Hepatitis C is a virus that infects
the liver. It is spread by contact with infected blood, for instance by
using contaminated needles for injecting drugs or sharing razors or
toothbrushes. The virus can cause inflammation of, and damage to, the
liver, preventing it from working properly.
About a third of people infected with the hepatitis
C virus will eventually develop liver cirrhosis, where normal liver
tissue is replaced by scar tissue. A small number of people with chronic
hepatitis C and cirrhosis also go on to develop liver cancer.
The aims of treatment are to
clear the virus from the blood to prevent progression of liver disease,
and to prevent the transmission of the hepatitis C virus. Sofosbuvir and
simeprevir are oral antiviral drugs used to prevent hepatitis C viral
replication in infected cells.
Sofosbuvir has a marketing
authorisation in the UK for use in combination with other medicinal
products for treating chronic hepatitis C in adults. The guidance on
sofosbuvir recommends its use in combination with ribavirin, with or
without peginterferon alfa, as an option for some people with genotypes
1- 6 chronic hepatitis C.
Simprevir has a marketing authorisation in
the UK for use in combination with other medicinal products for
treating adults with genotype 1 or 4 chronic hepatitis C. The guidance
on simeprevir recommends its use, in combination with peginterferon alfa
and ribavirin, as an option for treating both genotypes 1 and 4 chronic
hepatitis C in adults.
More data on the use of simeprevir in
combination with sofosbuvir to treat chronic hepatitis C in people who
can’t tolerate or aren’t eligible for treatment with interferon is due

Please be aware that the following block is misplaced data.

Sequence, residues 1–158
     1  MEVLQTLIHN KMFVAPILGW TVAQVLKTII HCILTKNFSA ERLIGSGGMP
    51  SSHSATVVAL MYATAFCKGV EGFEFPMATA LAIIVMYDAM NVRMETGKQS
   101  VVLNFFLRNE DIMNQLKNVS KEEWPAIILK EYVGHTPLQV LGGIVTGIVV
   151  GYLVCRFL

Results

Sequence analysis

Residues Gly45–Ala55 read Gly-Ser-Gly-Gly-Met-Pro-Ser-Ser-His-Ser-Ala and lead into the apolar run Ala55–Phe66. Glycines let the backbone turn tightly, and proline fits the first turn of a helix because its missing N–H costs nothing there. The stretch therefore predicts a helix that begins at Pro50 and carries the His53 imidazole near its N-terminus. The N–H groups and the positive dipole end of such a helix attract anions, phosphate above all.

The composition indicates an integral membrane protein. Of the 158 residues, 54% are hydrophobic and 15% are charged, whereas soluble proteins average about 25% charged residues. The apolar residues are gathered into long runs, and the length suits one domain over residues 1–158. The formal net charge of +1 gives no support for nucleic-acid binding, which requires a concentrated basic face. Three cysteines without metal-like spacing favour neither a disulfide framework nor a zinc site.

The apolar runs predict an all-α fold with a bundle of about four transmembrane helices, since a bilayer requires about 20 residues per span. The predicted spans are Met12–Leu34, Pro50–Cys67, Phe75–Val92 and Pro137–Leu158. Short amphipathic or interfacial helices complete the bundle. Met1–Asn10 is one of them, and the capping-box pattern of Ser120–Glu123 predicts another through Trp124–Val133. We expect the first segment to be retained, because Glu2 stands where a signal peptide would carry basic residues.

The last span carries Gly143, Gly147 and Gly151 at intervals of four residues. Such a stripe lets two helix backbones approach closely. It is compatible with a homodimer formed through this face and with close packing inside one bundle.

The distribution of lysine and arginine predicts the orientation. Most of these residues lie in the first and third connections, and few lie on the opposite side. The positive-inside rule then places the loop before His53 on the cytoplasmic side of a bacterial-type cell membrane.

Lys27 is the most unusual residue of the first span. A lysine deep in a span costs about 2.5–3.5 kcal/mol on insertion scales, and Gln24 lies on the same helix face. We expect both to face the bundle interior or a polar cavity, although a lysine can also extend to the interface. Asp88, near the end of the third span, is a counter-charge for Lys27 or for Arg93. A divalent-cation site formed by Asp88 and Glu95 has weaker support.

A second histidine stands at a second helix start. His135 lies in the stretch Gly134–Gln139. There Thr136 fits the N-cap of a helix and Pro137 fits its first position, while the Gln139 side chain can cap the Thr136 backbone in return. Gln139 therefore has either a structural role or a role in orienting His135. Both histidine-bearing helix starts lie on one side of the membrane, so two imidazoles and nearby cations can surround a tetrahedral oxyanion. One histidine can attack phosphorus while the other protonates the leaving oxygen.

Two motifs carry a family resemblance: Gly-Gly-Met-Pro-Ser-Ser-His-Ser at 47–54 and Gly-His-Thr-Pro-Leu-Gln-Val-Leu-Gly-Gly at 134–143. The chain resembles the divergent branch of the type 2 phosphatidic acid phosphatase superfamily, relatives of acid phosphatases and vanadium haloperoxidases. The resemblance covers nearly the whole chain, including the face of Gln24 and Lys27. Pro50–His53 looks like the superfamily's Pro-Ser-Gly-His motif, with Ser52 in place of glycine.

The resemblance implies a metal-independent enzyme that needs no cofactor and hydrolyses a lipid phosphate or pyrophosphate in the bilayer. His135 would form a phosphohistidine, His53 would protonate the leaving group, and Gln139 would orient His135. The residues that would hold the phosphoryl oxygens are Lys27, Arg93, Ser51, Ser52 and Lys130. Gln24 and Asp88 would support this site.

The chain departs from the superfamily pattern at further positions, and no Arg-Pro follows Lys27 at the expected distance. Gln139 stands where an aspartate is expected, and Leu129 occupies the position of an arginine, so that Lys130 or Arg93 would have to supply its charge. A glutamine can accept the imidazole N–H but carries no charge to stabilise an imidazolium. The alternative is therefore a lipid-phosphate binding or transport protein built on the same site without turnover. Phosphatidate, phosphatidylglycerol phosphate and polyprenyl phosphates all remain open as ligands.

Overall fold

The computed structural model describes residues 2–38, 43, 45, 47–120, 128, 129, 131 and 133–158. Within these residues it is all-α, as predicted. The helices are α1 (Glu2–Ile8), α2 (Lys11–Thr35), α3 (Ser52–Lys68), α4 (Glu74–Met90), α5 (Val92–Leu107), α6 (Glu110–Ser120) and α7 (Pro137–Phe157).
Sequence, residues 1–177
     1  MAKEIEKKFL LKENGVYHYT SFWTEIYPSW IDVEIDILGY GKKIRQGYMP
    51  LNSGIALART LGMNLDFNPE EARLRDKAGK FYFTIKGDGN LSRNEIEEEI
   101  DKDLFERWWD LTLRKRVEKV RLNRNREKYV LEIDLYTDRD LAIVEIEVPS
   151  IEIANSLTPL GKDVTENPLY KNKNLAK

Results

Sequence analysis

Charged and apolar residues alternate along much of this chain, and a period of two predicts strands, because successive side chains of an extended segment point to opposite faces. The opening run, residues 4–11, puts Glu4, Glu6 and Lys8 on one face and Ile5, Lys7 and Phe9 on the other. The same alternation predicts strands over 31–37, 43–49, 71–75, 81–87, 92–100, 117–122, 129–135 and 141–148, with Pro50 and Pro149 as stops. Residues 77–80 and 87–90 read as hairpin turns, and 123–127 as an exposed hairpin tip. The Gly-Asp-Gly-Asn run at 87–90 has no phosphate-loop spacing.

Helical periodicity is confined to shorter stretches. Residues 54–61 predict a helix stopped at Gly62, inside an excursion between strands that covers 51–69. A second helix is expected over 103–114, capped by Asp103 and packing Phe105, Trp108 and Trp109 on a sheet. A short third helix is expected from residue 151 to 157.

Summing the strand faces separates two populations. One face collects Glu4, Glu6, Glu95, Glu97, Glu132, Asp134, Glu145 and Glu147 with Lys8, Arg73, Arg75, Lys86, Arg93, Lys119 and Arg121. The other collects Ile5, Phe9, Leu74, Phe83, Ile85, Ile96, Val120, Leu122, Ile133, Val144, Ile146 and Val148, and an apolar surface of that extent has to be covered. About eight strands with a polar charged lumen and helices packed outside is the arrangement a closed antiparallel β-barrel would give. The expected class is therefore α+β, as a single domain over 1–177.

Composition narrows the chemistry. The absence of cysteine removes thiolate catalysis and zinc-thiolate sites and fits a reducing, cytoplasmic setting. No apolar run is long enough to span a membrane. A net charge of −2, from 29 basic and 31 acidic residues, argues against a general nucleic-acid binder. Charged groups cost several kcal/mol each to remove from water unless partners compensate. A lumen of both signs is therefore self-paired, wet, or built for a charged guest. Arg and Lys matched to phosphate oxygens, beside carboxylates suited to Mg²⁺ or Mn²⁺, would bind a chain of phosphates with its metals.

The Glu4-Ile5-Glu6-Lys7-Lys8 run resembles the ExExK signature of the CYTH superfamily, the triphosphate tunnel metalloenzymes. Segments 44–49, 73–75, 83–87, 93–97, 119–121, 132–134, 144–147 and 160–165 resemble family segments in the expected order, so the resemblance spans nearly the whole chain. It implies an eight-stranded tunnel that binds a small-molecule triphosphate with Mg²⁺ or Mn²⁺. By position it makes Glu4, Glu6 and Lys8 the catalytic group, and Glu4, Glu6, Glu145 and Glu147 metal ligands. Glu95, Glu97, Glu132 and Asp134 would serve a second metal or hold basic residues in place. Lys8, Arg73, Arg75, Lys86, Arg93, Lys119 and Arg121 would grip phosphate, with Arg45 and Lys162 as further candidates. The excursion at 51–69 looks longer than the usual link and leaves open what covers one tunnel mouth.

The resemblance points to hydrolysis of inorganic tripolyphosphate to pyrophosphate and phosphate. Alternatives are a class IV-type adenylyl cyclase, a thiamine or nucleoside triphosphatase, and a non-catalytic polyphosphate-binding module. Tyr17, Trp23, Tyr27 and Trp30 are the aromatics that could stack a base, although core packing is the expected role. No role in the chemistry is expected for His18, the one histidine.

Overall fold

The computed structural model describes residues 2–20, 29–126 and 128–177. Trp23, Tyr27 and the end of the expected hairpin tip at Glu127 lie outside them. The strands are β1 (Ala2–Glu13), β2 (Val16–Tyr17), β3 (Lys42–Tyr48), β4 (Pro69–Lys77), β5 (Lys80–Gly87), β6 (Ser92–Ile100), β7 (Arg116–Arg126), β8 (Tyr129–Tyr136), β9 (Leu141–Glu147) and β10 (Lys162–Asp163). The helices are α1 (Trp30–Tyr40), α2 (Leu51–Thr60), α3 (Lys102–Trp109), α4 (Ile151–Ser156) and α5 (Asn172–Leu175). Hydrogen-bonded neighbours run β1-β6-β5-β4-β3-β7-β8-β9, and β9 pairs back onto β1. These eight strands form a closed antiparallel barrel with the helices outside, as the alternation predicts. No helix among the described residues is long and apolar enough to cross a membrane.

to become available soon. Therefore recommendations on this treatment
combination will now be developed in separate guidance.
Commenting on today’s guidance Professor Carole Longson, Director of the NICE Centre for Health Technology Evaluation, said: “Poor
diagnosis rates - estimates suggest around 50% of people with the
condition in England remain undiagnosed - combined with a high number of
new infections annually make hepatitis C a major public health
challenge. But even when people are diagnosed, the long duration and
potentially unpleasant side-effects of current interferon-based
treatments can discourage people with the disease from completing the
full course, or even from seeking treatment in the first place.
“New treatments, like sofosbuvir and simeprevir,
can shorten the length of interferon-based therapy and in some
situations don’t need to be taken with interferon at all. Both drugs can
also be given to people who have previously been treated but did not
clear the virus, in people whose condition has relapsed, or in people
who have become re-infected after treatment.
“Sofosbuvir and simeprevir could therefore be
valuable treatment options for people with chronic hepatitis C. This is
good news, not just for people with chronic hepatitis C, but also
because having more effective treatments for the condition could reduce
the spread of the virus.”